For the holidays and birthdays I try my damndist to either make presents or buy from indie businesses/crafters I know. This way I know that I'm supporting an individual and/or creating an item that the giftee will use. Be it a knitted hat, taking them on a tour*, a collection of family recipes, going on a hike, a well-made dress, or homemade bread. Making gifts/creating experiences also helps me spread out the amount of money I spend over a period of time, rather than going into debt for a month or two trying to quickly find something suitable for the person. I bring this up because I recently found an old article by George Monboit that resonated with me. The article begins:
They seem amusing on the first day of Christmas, daft on the second, embarrassing on the third. By the twelfth they’re in landfill. For thirty seconds of dubious entertainment, or a hedonic stimulus that lasts no longer than a nicotine hit, we commission the use of materials whose impacts will ramify for generations.
Researching her film The Story of Stuff, Annie Leonard discovered that of the materials flowing through the consumer economy, only 1% remain in use six months after sale(1). Even the goods we might have expected to hold onto are soon condemned to destruction through either planned obsolescence (breaking quickly) or perceived obsolesence (becoming unfashionable).
Read more of George Monbiot's article "The Gift of Death" (Originally published in Guardian 12/11/12). If you don't have time to read the whole thing, the purpose of it can be summed up by thte last line of the article:
Bake them a cake, write them a poem, give them a kiss, tell them a joke, but for god’s sake stop trashing the planet to tell someone you care. All it shows is that you don’t.
It all comes down to experiences, which is why Donovan and I love letter writing so much. Not only is it an experience for the person who is reading the letter, it was also time well spent for the person who wrote the letter. They took the time to make something for you, even if it just their own words, and gift it to you.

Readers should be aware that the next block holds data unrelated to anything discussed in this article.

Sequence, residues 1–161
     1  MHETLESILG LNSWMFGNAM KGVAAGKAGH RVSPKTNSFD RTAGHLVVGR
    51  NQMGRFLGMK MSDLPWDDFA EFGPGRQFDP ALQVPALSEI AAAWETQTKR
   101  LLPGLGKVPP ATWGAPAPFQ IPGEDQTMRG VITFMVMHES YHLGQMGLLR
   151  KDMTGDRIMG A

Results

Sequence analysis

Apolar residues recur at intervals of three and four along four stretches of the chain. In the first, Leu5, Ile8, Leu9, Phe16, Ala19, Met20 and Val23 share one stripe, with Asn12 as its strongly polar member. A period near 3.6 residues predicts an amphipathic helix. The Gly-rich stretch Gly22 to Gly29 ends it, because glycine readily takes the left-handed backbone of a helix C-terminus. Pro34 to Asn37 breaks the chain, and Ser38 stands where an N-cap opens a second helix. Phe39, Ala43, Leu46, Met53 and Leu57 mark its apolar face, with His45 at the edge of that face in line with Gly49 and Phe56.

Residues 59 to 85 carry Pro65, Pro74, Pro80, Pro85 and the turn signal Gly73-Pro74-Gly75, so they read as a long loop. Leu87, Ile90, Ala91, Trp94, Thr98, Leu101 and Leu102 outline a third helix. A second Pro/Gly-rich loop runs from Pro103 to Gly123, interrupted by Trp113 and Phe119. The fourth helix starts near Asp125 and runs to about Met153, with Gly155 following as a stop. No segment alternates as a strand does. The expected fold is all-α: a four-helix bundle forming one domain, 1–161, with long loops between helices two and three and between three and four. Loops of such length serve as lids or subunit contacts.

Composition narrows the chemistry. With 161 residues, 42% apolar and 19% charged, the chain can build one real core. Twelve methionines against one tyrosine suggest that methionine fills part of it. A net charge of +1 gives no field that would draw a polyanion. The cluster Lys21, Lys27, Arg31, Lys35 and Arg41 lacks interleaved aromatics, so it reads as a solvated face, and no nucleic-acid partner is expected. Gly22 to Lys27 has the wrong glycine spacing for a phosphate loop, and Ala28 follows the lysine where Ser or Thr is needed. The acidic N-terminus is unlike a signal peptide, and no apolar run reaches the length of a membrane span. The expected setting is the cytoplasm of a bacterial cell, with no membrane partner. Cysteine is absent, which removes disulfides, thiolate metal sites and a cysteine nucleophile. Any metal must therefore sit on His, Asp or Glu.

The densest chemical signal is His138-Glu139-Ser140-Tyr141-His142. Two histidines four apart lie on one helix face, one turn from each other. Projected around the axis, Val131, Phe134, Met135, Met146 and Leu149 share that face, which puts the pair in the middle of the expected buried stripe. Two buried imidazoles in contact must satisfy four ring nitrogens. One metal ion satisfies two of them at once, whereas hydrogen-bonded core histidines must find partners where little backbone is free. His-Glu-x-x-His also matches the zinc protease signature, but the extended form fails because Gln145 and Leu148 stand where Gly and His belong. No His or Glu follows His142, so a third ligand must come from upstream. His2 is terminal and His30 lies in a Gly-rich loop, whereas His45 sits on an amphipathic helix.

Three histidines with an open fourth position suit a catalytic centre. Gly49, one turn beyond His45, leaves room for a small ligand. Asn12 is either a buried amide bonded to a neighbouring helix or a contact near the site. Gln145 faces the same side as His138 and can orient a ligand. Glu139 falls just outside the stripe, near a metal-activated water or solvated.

I feel this way about the items I buy from indie shops as well. They crafted a piece with love. The bowls I have from Circa Ceramics, I know them and their son. I know the item was made mindfully, and I know it will last forever. The clothing I buy from Poppy Von Frohlich or Concious Clothing– although I don't know them personally, I know they are women who are trying to support sustainable or American Made practices and I know the clothes will last me for the long haul.
A meaningful item is an investement in either your time or your money, but I would rather have one great and long-lasting item or memory than a dozen cheaply made trinkets. I think who ever you are gifting to will feel the same way.
So while this article would be more apt in the winter when everyone is thinking about gift giving, I chose to talk about it now so that you can think about it and plan. Yes, considering gifts in late summer seems crazy, but I've done this for the past two years and have found my holiday "shopping" much less stressful and easier on my bank account. So, how are you going to show those in your life that you care about them and the world they are living in?
* One of my favorite birthday presents was when Donovan bought us tickets to do a "Servants Tour" of the Driehaus Museum. It was a great way to see a historic house I had never been to, learn some Chicago history, and spend time with a friend.